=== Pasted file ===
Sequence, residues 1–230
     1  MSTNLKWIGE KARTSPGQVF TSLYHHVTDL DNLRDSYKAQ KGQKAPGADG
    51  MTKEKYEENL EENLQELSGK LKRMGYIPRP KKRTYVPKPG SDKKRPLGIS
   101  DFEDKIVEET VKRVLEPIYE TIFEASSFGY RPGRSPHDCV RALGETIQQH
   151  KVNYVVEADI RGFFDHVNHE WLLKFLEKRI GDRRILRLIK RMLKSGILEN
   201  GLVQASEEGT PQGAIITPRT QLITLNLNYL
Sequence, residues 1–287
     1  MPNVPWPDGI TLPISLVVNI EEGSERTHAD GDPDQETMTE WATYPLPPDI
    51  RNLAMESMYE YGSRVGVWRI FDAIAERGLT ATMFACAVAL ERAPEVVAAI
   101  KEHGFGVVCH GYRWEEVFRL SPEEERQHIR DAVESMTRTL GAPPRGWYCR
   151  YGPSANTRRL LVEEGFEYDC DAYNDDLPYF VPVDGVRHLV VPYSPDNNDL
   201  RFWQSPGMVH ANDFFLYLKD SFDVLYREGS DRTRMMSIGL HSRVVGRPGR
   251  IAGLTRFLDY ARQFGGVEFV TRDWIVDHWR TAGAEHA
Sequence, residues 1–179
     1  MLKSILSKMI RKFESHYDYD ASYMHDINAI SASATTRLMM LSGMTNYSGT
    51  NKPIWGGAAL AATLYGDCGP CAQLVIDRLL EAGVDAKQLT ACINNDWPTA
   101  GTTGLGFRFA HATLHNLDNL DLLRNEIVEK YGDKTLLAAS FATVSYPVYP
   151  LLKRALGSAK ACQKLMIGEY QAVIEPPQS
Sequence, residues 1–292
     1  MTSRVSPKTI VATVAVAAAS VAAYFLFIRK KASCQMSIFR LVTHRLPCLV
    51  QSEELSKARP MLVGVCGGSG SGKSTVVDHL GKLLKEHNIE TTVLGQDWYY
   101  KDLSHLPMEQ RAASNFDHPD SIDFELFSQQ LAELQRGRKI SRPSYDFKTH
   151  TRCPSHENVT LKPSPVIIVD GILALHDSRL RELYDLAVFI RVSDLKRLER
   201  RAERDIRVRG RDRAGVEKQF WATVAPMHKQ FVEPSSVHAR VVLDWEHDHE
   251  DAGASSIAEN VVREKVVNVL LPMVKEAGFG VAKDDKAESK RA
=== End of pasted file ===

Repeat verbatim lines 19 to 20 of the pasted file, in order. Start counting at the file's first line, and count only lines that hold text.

Sequence, residues 1–292
     1  MTSRVSPKTI VATVAVAAAS VAAYFLFIRK KASCQMSIFR LVTHRLPCLV